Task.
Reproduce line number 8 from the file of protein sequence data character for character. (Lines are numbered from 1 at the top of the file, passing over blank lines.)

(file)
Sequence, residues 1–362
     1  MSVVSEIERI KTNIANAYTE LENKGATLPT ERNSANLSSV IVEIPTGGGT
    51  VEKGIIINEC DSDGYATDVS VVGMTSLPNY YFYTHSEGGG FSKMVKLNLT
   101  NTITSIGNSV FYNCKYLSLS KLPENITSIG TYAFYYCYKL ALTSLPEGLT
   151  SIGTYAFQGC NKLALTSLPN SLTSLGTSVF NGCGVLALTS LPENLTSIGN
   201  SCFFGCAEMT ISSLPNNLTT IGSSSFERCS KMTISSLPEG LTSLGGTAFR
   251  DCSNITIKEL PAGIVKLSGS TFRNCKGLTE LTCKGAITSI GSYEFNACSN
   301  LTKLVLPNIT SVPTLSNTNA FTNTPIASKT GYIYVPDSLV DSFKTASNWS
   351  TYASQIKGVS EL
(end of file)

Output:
   301  LTKLVLPNIT SVPTLSNTNA FTNTPIASKT GYIYVPDSLV DSFKTASNWS